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Leatherjacket Larvae in your Lawns

LeatherjacketlarvaeWe are all aware of "Daddy Long Legs" flying around in the late summer months, being chased by the cat and dog with children finding fun pulling the legs off the fly like insects!

What you may not be aware of is the devastating effect the larvae of the insects can have - literally stripping a lawn bare! Do not under estimate them!

What are they?

Leatherjackets are the Larvae of the Crane Fly or Daddy Long Legs, as they are more commonly known. The fully grown Larvae are typically up to 4 cm in length.

Patches of dead or dying grass similar to the feeding action of Chafer Beetle Larvae are visual evidence of commonly known. They are legless dirty grey or brown grubs that live in the soil just beneath the grass and merrily eat away at the grass roots and grass stems. an infestation of Leatherjackets. No grass root growth = poor stressed turf grasses and ultimately bare areas.

Early and correct pest identification is important

When a pest problem is suspected, the turf should be examined thoroughly to find the culprit. Pests are often found first in stressed areas, such as the edges of lawns or in shady or wet areas. They are not usually distributed evenly so it is advisable to look for spots that have discoloured, stunted or distorted turf. Insects tend to proceed outward from a central point; therefore they are generally most active on the outside edge.

What do the adults look like?

CraneflyThe long legs give the adult their name of Daddy Long Legs. The adults can lay up to 300 eggs each and invasion of emerging adults from their final Pupae stage is common in the UK. The adults are most active at night and can easily jettison away from predators.

Control measures

There is little or no benefit renovating and repairing any damage to your lawn until you have killed the Larvae. As Leatherjackets live in the soil for one year only they are easily controlled with an approved Insecticide application which will control them via the fumitory, ingestion and contact action of the control product. It is common for the Larvae to work their way to the surface of the lawn following application. They can be sucked or swept up.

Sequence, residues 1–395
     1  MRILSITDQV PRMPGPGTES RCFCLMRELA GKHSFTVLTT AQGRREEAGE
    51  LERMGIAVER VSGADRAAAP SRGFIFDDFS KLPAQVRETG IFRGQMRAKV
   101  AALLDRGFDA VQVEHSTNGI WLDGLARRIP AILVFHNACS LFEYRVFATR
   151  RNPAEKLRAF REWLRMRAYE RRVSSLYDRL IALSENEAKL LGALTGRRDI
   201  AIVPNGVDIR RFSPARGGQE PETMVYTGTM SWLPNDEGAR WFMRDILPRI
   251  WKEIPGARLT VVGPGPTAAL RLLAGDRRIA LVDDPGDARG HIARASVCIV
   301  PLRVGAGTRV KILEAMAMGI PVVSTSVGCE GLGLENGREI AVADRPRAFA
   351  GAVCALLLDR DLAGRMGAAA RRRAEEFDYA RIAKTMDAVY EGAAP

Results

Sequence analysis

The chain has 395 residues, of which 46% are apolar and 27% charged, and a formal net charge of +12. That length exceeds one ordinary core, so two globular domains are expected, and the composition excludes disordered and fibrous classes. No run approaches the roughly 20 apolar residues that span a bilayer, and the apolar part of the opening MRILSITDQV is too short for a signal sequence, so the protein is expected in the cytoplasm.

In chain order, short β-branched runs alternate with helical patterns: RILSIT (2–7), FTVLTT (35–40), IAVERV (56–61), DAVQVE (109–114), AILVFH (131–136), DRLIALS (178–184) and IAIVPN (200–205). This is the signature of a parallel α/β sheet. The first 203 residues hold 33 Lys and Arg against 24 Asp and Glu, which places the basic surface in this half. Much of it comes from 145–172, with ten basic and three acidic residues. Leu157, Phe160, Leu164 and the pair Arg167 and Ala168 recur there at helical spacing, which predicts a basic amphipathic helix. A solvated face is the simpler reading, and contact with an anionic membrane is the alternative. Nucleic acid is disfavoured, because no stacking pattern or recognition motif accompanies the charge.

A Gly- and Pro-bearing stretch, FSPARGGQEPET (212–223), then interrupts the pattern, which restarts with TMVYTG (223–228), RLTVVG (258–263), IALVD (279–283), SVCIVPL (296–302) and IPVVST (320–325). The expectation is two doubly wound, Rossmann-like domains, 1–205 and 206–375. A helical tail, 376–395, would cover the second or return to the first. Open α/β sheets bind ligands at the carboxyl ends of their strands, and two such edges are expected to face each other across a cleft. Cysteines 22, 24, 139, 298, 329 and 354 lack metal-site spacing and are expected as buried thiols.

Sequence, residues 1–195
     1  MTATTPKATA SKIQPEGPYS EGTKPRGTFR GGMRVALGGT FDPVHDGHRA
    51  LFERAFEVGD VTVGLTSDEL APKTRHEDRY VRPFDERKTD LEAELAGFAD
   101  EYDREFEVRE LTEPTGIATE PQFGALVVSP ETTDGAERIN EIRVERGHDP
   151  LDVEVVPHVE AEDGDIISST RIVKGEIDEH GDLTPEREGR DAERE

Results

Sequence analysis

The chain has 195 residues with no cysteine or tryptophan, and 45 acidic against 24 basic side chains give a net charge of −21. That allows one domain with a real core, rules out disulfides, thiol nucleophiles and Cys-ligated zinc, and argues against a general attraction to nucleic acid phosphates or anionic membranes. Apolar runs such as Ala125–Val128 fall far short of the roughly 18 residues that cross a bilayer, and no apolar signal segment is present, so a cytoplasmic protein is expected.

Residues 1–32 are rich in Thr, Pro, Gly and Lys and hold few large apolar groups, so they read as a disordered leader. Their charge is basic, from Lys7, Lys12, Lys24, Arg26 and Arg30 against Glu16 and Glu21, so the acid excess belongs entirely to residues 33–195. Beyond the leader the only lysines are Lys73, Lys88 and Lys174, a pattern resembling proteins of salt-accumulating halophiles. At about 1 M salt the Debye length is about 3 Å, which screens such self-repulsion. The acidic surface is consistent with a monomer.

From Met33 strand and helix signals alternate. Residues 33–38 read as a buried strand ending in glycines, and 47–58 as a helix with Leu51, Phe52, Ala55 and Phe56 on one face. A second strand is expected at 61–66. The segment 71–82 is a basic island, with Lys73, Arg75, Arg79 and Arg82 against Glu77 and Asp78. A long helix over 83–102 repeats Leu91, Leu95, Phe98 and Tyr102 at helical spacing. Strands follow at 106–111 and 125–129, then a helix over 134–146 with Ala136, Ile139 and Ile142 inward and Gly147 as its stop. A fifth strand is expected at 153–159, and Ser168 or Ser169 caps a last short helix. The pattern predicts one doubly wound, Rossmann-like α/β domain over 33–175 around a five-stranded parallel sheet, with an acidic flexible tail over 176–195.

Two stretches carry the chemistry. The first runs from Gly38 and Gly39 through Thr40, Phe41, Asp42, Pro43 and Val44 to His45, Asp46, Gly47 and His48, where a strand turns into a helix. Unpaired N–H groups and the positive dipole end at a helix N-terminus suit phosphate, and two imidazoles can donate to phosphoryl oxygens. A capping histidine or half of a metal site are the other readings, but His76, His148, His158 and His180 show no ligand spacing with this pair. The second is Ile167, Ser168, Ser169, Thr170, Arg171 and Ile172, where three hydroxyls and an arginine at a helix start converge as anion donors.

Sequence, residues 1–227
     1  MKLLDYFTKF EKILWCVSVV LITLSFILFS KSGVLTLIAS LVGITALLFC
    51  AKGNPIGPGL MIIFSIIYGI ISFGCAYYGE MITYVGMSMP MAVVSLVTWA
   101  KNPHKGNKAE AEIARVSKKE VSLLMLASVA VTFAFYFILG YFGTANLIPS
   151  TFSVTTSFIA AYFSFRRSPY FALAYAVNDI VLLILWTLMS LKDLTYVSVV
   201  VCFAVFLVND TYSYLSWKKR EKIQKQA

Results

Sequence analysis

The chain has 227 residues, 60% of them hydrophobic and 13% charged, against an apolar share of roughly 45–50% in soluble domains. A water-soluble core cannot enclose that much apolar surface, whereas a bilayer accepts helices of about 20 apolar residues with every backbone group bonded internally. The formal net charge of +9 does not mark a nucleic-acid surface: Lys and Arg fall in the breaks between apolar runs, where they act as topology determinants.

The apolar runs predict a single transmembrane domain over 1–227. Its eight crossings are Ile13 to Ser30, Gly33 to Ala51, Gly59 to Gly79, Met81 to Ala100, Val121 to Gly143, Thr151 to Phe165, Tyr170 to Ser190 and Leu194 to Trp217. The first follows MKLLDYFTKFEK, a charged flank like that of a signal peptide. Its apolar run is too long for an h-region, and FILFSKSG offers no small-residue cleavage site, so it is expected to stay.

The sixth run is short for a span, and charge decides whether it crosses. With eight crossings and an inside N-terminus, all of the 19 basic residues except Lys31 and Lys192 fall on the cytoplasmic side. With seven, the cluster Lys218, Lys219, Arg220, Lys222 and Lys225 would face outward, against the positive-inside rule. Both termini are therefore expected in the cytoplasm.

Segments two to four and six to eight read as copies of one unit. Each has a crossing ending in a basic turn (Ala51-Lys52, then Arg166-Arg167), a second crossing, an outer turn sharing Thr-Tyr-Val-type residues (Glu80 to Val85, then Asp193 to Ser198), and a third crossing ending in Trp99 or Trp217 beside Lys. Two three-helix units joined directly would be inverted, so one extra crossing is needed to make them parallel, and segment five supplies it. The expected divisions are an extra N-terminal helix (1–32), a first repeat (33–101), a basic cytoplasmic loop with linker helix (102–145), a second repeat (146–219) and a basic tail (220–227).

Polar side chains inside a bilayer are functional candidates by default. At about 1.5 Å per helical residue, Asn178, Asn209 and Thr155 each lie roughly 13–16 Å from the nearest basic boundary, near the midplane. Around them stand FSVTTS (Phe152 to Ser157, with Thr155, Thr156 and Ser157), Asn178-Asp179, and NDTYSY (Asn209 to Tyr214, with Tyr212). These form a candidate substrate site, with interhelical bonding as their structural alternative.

Leatherjackets live for one year unlike the Larvae of Chafer Beetles that live for 3 years in the soil. Leatherjackets live in the area of soil just below the turf grass root zone. Get your garden or pen knife out and dig below the surface to locate some, preferably in an area that adjoins an area where the birds have been pecking. If present in the soil, you will easily discover the Larvae just below the surface of the grass. Our Team has counted up to 200 Larvae per single square metre!

The eggs are laid in the soil by the young adult Crane Flies in the early autumn, living for only a few days before the cat gets them!
The traditional peak egg laying period is the second week of September but the prevailing weather conditions may change this slightly. The eggs hatch after only two or three weeks and the Larvae soon commence their feeding during the winter months onwards.

Control them by applying an insecticide based on an active ingredients of Chlorpyrifos or Imidacloprid as soon as you have performed a positive identification, usually in the period October through to the late spring or early summer months, dependant upon the soil moisture and soil temperature in the early spring.

Prevention is always better than cure so once one application has been performed; repeat annually if repeated outbreaks are common particularly in light sandy soil areas. The control product will not control any eggs so do not be tempted to apply the control product too early in September before the adults have laid their eggs and these have actually hatched in the soil.

Go exploring in the soil beneath the grass roots…

The Larvae feed on the roots of grasses during the early spring to summer months. They cause yellow/brown patches and, as the grasses are eaten off at the same level, it may well be that a complete carpet of turf can be removed in tact.

There are usually less numerous and less troublesome than Chafer Beetle Larvae but their presence is usually seen the first time the lawn gets stressed by cold, drought or by the frenzied activity of large birds like Crows, Rooks and Magpies.

The net result of an infestation – no grass roots, or grass stems, no lawn and a lot of ripped up areas once the birds have gone!

They are out there now so be warned!!

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